Luteolin is a potential NRF2 inhibitor that can promote the degradation of NRF2 mRNA. Our results revealed that NRF2 downregulation in primary MDS cells, by inhibitor Luteolin, decreased IC50 of Ara-C. As primary MDS cells were mostly composed of non-transformed cells, we also validated our results in human and mouse MDS cell lines. Downregulation of NRF2 by Luteolin could also enhance the chemotherapeutic efficacy of Ara-C in MDS cell lines. SFN is a well-known NRF2 agonist. SFN is an isothiocyanate that forms a KEAP1– Sulforaphane thionoacyl adduct to stabilize NRF2.39 We found that upregulation of NRF2, mediated by agonist SFN, induced resistance of MDS cells to Ara-C. Previous reports in AML indicated the protective role of NRF2 against apoptosis.15 NRF2 regulates homologs miR-125B1 and miR-29B1 to repress the apoptosis induced by the front-line AML chemotherapy agent daunorubicin.40 To better define how suppression of NRF2 sensitized MDS cells to Ara-C, we used lentivirus-mediated shRNA for knockdown of NRF2. Knockdown of NRF2 markedly enhanced apoptosis and triggered S-phrase arrest in MDS cell lines treated with Ara-C. Taken together, NRF2 levels regulate MDS cells’ sensitivity to Ara-C therapy.
There is increasing evidence to suggest that NRF2 target genes, such as HO-1, NQO1, and multidrug resistance-associated protein (MRP), are involved in cytoprotection and detoxification, thus providing drug resistance in anti-cancer therapy.424112 To determine the mechanisms of NRF2-mediated Ara-C resistance in MDS, we performed GSEA analysis on published data and then discovered a list of the genes (n=37) up-regulated in both high-risk MDS patients and Ara-C-resistant AML patients. One of the genes on the list is DUSP1 (also known as MKP1), which regulates mitogen-activated protein kinase (MAPKinase) by dephosphorylation of threonine and tyrosine residues.43 DUSP1 may play an important role in the cellular response to environmental oxidative stress and agents that damage DNA.44 However, little is known about the relationship between DUSP1 and NRF2 or the effect of DUSP1 on chemo-resistance in MDS. Our ChIP q-PCR and q-PCR data indicated DUSP1 was an NRF2 direct target gene. Our IHC and immunoblotting data showed that DUSP1 expressions were elevated in higher-risk or Ara-C-resistant MDS. Given the small number of MDS patients studied, future validation with larger cohorts is needed.
Interestingly, downregulation of DUSP1 by inhibitor or lentivirus shRNA could abrogate Ara-C resistance in NRF2-elevated MDS cells. There is growing evidence to demonstrate that NRF2 activation by antioxidant interventions increased cancer cell migration and induced tumor metastasis by decreasing ROS levels.4645 It has been suggested that NRF2 improved sensitivity of AML cells to chemotherapy by compromising the ability of the AML cell to scavenge the ROS.38 Our results suggested that ROS signaling pathways may play limited roles in NRF2-mediated Ara-C resistance in MDS cells. We identified a larger cohort of the genes (n=331) up-regulated in both high-risk MDS patients and Ara-C-resistant AML patients. We found significant enrichment of the up-regulated genes in 12 KEGG pathways pertaining to cell signaling (e.g. MAPK and JAK-STAT signaling), immune responses (e.g. chemokine signaling and lyso-some signaling), and cell death (e.g. apoptosis and FoxO signaling). It has been reported that alterations of SETD2 (encoding the histone 3 lysine 36 trimethyltransferase) and EZH2 (catalyzing the trimethylation of lysine 27 of histone H3) also led to resistance to DNA damaging-chemotherapy such as Ara-C in leukemia via different mechanisms.4847 Our current study indicated that NRF2 conferred Ara-C resistance partly through DUSP1 in MDS. Other signaling pathways identified in this study warrant further investigation in the future.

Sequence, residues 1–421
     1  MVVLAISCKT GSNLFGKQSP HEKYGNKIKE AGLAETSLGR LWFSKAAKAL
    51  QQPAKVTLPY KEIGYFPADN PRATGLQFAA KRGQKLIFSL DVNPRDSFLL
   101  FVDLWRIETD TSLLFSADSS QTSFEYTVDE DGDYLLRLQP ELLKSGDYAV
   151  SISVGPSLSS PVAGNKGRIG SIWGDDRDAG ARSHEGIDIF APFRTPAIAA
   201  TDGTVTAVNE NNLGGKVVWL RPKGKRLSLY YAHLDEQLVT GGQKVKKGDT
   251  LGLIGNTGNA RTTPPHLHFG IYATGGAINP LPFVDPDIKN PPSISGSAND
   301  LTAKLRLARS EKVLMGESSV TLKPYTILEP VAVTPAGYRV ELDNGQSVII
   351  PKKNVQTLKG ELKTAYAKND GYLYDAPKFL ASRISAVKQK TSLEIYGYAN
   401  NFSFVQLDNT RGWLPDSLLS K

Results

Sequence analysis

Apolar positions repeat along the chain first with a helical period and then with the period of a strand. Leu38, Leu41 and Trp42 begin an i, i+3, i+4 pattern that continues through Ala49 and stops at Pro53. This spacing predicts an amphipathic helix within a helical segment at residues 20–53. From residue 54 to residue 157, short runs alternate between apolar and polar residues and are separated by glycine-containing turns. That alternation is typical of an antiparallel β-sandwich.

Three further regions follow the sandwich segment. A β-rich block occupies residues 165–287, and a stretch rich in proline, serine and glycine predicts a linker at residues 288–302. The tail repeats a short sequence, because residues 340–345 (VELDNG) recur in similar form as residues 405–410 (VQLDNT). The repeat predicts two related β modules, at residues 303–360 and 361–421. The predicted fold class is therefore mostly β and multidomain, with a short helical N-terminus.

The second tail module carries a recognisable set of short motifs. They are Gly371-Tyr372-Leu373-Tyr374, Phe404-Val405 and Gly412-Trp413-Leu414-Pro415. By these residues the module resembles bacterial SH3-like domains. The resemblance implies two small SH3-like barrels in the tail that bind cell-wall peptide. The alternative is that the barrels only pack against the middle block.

Our data showed that silencing NRF2 or DUSP1 significantly sensitized tumors to Ara-C by measuring tumor size in the livers of our SKM-1-transplanted mouse models. SKM-1 is a cell line carrying a large number of mutations, affecting ASXL1, BCORL1, EZH2, SF1, STAG2, TET2, TP53, and WT1, which are close to the characteristics of high-risk MDS.49 Thus, SKM-1 cell lines were used in this study. To better establish stable NRF2 or DUSP1 knockdown MDS mouse models, SKM-1 cells were transfected and then injected into NSGS mice. SKM-1 cells mainly generated tumors in the livers but not in BM or peripheral blood of NSGS mice. Although not the ideal model, our in vivo results indicated that silencing NRF2 or DUSP1 increased the sensitivity of SKM-1 cells to Ara-C treatment. Future MDS patient-derived xenograft models are needed to validate our findings.50
In conclusion, our clinical and experimental results revealed that NRF2 expression levels are elevated in high-risk MDS patients and serve as a statistically significant prognostic variable for OS in MDS patients. Pharmacological inhibition of NRF2 re-sensitizes MDS cells to Ara-C treatment while activation of NRF2 by agonist resulted in the reduced sensitivity to Ara-C. NRF2 mediates Ara-C resistance partly through its direct target gene DUSP1. Taken together, our findings suggest that silencing NRF2 re-sensitizes high-risk MDS cells to Ara-C treatment. Targeting NRF2 in combination with conventional chemotherapy could overcome drug resistance in high-risk MDS patients.
- ↵* PL and YR contributed equally to this work.
- ↵# HYT and GH contributed equally to this study as joint senior authors.
- Check the online version for the most updated information on this article, online supplements, and information on authorship & disclosures: www.haematologica.org/content/104/3/485
- Funding This work was supported by grants from the National Key Technology R&D Program (2014BAI09B13), National Natural Science Foundation of China Grants (81270582, 81470290, 81700121, 81800121), Major Program Fund of the Science Technology Department of Zhejiang Province (2013c03043-2), the Taub Foundation (to GH), and National Institutes of Health (NIH) (R01DK105014 to GH).
- Received May 15, 2018.
- Accepted September 26, 2018.